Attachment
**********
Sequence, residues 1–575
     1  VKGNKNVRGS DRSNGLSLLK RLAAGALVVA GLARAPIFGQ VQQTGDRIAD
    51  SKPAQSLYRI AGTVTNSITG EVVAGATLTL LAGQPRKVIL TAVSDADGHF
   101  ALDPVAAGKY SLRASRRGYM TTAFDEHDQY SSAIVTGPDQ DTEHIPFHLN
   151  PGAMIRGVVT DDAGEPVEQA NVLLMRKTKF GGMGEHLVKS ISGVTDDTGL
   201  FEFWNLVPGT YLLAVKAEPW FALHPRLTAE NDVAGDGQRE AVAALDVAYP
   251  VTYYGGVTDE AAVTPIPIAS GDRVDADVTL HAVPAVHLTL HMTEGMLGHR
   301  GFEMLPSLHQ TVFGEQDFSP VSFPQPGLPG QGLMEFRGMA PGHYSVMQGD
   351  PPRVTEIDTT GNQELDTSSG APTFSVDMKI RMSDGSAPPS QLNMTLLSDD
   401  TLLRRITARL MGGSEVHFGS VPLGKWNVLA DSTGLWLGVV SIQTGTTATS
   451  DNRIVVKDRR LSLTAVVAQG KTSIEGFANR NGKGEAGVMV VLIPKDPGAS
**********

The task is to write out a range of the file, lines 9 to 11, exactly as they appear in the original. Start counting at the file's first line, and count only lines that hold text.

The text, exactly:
   351  PPRVTEIDTT GNQELDTSSG APTFSVDMKI RMSDGSAPPS QLNMTLLSDD
   401  TLLRRITARL MGGSEVHFGS VPLGKWNVLA DSTGLWLGVV SIQTGTTATS
   451  DNRIVVKDRR LSLTAVVAQG KTSIEGFANR NGKGEAGVMV VLIPKDPGAS